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Diagnosing, Treating Acid Reflux

Antacids

What goes up must come down.

But for the millions of Americans who suffer from gastroesophageal reflux disease, or GERD, that saying is of little comfort.

Commonly referred to as acid reflux, this annoying condition is usually accompanied by symptoms of heartburn and/or regurgitation, which can make for an irritating lifestyle.

"Acid reflux occurs when the acidic contents of the stomach pass up into the esophagus, and the sphincter muscle — the barrier between the two — has a defect, so it cannot block the acid," said Dr. Anish Sheth, a gastroenterologist and professor of medicine at Yale University.

The lining of the esophagus is not made to resist acid, it's very different from the stomach. So acid reflux can cause ulcers and inflammation, and a whole host of other problems.

Acid reflux can present itself with a variety of other symptoms. A chronic cough, worsening of asthma symptoms, constant throat clearing and a hoarse voice are all problems that patients with acid reflux have complained of.

1. Who is at risk for acid reflux?
There is really no rhyme or reason as to why acid reflux occurs, Sheth said, and it afflicts millions of people in the United States. Except for obese people, there aren't any demographics for who are more at risk, he said.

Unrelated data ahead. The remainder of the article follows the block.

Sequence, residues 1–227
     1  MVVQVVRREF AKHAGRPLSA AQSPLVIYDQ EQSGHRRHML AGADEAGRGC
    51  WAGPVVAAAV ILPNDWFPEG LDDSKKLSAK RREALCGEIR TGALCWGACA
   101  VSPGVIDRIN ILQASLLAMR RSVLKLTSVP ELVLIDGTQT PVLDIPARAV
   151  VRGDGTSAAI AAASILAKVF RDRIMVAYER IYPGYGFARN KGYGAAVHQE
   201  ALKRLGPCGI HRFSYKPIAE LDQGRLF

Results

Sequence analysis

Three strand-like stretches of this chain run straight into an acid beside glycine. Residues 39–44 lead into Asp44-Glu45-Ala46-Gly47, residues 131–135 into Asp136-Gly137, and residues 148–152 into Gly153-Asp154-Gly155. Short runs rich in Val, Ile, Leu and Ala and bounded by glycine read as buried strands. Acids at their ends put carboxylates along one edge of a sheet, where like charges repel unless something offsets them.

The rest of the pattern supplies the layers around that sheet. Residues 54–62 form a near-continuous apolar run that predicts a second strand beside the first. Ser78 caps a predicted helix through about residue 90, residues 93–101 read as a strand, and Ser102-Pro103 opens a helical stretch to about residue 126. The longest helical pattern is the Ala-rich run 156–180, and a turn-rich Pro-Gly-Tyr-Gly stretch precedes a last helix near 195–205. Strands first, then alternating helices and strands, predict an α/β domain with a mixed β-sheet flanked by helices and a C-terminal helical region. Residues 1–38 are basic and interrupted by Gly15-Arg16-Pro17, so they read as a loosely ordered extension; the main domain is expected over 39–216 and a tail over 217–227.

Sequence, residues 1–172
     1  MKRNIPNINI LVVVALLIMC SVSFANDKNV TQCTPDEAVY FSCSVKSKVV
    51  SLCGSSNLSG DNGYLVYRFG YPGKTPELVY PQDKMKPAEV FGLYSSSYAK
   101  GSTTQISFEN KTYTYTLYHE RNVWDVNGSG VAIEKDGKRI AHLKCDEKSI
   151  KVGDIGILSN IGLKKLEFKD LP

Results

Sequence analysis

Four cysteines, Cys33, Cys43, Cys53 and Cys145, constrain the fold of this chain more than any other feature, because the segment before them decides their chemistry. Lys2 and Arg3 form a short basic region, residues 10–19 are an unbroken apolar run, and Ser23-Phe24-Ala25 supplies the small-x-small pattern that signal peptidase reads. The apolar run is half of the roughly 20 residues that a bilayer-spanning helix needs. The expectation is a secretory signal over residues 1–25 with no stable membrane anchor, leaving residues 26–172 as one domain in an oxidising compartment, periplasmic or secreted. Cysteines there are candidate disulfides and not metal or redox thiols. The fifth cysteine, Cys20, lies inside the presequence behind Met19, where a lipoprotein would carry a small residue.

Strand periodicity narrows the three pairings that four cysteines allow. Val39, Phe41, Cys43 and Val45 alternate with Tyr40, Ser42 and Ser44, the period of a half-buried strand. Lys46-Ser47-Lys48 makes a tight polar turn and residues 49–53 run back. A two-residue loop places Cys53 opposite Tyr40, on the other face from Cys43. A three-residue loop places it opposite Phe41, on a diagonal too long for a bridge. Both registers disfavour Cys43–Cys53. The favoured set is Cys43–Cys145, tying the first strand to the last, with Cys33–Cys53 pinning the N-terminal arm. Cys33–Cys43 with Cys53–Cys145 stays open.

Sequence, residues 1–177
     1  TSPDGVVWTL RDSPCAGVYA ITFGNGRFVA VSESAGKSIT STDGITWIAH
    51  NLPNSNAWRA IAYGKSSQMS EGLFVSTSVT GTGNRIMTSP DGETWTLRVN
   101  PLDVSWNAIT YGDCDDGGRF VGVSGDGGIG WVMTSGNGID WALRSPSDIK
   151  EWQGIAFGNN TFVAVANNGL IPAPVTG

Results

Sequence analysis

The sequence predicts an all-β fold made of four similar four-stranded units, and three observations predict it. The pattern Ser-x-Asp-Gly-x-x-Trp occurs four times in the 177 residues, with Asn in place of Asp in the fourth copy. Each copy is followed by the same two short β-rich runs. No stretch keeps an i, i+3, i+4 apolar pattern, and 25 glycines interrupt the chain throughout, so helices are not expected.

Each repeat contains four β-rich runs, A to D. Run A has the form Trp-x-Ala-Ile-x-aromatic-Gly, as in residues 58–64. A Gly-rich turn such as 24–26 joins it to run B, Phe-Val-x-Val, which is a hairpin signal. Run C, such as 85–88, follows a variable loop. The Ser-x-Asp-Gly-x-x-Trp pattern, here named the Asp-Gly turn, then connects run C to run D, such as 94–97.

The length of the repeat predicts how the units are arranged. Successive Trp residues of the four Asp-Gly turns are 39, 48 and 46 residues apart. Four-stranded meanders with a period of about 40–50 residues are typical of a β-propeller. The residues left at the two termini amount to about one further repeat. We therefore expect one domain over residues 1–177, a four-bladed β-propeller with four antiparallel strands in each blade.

"There are certain lifestyle things we tell people to avoid," he said. "Alcohol consumption increases the risk of acid reflux, as well as caffeine. So do foods like chocolates and tomatoes, or tomato-based products. If you have mild symptoms, and can avoid these things, you might be able to avoid medicines."

2. How is acid reflux diagnosed?
A new outpatient procedure allows the doctor to attach a capsule to the patient's esophagus using an endoscopy, which involves sticking a tube down the patient's throat. The capsule transmits wireless pH data to a beeper on the patient's belt over the course of 48 hours, to give doctors a concise idea of how much acid is being washed up.

3. How is acid reflux treated?
There are three ways to treat acid reflux, Sheth said.

1. Lifestyle changes, which include adjusting your dietary habits and losing weight if you are obese;

2. Taking proton pump inhibitors, which are acid-reducing medicines like Nexium, Prilosec or Protonix;

3. Surgery. This is usually a last resort taken after medication and dietary changes fail. The procedure involves wrapping the top portion of the stomach around the bottom of the esophagus and securing it below the diaphragm.

By creating a tight sphincter, the food cannot reflux back into the esophagus.

4. Acid-reflux may cause other medical conditions
The thing that should be taken away, is that acid reflux isn't going to kill you, Sheth said.

"Why we actually look down your throat into your esophagus with a scope is because it can cause other problematic conditions."

If left untreated, acid reflux can cause:
* Barrett's esophagus. The cells that line the esophagus undergo a change, Sheth said. In a small percentage of patients, they can turn pre-cancerous; dysplastic, which is the earliest form of a cancerous lesion; or cancerous.

* Esophageal stricture. This is a narrowing in the esophagus that comes after a long period of irritation and leads to difficulty in swallowing, Sheth said.

* Esophageal cancer. If doctors can catch it early enough, surgery is still an option and patients have good outcomes, Sheth said. If patients wait until they have trouble swallowing, chances are the cancer is at a more advanced stage, and treatment could be less effective.